Math.Arithmetic.Exponentiation
Math.Arithmetic.Exponentiation is the tag for the expression representing arithmetic exponentiation.
Contents
 1 Definition
 2 Known implementations
 2.1 The Standard Arithmetic Package
 2.1.1 Visualization
 2.1.2 Edition
 2.1.3 Reduction
 2.1.3.1 Reducer 1. Exponentiation of special cases
 2.1.3.2 Reducer 2. Exponentiation of multiplication/division
 2.1.3.3 Reducer 3. Numeric expression to a negative integer exponent
 2.1.3.4 Reducer 4. Numeric negative expression to a positive integer exponent
 2.1.3.5 Reducer 5. Numeric exponentiation
 2.1.3.6 Test cases for numeric exponentiation
 2.1 The Standard Arithmetic Package
Definition
Math.Arithmetic.Exponentiation is the tag for the expression representing arithmetic exponentiation.
Behavior
This expression has exactly two children.
Children names
The first child should be named "Base" and the second child "Exponent".
Localization packages could be created in order to provide the names in languages other than English.
Visualization
There can be different forms of visualization, the following are examples:
Visualization  Notes 

The most common  
Knuth's notation  
^  
As a function 
Edition
There could be several editions. The most obvious is: Given a selected expression, it is replaced by a new exponentiation expression with two children, the first one is the expressions that was selected, and the second one is a new Null expression. The latter becomes the new selected expression.
Reduction
There could be several reductions, see below.
Known implementations
The Standard Arithmetic Package
Visualization
There is one visualization on this package.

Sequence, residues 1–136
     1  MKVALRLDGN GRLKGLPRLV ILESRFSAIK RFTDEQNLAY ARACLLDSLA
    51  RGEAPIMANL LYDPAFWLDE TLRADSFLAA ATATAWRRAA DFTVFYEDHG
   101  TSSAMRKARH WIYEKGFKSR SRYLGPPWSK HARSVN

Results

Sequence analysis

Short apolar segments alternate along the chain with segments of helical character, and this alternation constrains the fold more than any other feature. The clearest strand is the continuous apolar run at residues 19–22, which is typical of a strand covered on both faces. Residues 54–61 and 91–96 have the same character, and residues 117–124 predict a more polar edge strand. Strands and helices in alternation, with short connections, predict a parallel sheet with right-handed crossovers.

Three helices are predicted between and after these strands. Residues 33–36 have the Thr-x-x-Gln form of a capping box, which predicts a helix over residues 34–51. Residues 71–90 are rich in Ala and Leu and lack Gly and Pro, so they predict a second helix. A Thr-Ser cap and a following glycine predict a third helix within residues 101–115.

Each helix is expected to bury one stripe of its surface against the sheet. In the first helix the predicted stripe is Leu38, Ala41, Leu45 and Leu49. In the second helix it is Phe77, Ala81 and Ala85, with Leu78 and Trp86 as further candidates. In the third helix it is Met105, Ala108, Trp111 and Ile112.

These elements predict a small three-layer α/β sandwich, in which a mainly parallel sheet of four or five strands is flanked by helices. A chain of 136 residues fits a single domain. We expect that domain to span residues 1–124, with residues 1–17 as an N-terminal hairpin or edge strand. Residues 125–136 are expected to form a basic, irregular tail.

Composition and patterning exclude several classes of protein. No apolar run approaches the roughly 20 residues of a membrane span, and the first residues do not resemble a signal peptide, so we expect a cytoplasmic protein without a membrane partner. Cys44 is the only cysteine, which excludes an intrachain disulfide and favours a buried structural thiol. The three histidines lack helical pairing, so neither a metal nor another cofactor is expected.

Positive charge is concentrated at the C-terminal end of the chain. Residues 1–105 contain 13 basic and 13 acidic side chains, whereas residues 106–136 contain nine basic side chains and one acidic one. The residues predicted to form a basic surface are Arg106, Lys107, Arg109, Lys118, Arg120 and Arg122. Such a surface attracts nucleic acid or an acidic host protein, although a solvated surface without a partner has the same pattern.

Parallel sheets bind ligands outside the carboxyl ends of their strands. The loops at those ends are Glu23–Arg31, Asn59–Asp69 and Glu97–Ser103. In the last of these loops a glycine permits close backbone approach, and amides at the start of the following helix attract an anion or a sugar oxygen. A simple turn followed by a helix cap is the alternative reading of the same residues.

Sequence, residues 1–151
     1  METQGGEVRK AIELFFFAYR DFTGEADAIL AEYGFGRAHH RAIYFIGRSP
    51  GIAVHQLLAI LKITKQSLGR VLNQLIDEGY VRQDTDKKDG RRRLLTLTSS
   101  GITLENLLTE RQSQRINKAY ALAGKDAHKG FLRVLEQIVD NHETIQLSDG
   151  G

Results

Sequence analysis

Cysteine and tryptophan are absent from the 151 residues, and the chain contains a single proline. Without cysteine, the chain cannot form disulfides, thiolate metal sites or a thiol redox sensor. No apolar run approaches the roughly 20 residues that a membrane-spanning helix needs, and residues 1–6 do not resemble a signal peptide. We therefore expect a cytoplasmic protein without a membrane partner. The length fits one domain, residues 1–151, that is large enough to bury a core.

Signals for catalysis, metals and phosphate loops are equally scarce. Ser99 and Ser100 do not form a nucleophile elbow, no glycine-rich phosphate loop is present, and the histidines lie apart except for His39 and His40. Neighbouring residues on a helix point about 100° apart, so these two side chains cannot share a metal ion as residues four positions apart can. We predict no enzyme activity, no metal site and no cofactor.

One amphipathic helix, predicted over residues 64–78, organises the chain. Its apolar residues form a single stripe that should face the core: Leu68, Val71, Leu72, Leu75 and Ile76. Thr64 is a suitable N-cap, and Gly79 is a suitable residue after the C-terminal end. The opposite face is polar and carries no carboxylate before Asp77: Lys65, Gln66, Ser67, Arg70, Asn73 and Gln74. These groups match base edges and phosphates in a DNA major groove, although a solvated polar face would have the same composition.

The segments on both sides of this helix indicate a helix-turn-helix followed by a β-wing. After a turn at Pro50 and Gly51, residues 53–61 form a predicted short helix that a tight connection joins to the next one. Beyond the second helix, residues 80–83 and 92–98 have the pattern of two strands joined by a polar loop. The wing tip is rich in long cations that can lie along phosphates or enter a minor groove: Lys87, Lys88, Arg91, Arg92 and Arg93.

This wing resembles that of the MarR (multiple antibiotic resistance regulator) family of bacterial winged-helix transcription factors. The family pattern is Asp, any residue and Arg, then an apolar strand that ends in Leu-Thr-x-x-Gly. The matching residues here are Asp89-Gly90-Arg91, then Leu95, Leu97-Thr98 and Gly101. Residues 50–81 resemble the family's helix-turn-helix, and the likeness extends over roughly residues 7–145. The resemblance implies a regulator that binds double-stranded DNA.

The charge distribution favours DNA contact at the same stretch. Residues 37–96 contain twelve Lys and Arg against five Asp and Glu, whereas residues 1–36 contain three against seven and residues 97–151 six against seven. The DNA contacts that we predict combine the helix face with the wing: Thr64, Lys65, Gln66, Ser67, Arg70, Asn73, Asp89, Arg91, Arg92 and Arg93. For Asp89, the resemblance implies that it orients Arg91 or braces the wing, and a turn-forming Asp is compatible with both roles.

This visualization corresponds with the notation.
It tries to align the top of the base with the horizontal baseline of the exponent, like the following figure:
Sometimes it would make that the bottom of the exponent led under the bottom of the base. In such a case, the horizontal baseline of the base is aligned with the bottom of the exponent, like the following figure:
Notice that in both cases, the horizontal and vertical baselines of the entire exponentiation are aligned with the horizontal and vertical baselines of the base. The preservation of the baselines of base gives a more natural visualization when an exponentiation is part of infix opperations, such as addition, like the following:
Parentheses awareness
Parentheses in the base expression
This visualization awares if the base expression belongs to the parentheses category Parentheses as operator, category Parentheses as Super or Subscripted, or it is also a Math.Arithmetic.Exponentiation expression. In such that case, it is drawn between parentheses. See the following examples:
Base expression  Base is shown between parenthesis because  Example 

Addition  It belongs to the category Parentheses as operator It also belongs to the category Parentheses as Super or Subscripted 

Multiplication  It belongs to the category Parentheses as Super or Subscripted  
Negative  It belongs to the category Parentheses as Super or Subscripted  
Exponentiation  It is also a Math.Arithmetic.Exponentiation 
Parentheses in the exponent expression
This visualization awares if the exponent expression is also an Math.Arithmetic.Exponentiation expression. In such a case, it is drawn between parentheses, like the following example:
Edition
There are two editions in this package. The first one creates an exponentiation expression being the currently selected expression the base and creates a Null expression as the exponent. The second one is the opposite, it creates an exponentiation being the currently selected expression the exponent and creating a Null expression as the base.
This is shown in the following examples:
Example  Edition performed  Key  Result 

Inserts an exponent  
Inserts a base  
Inserts an exponent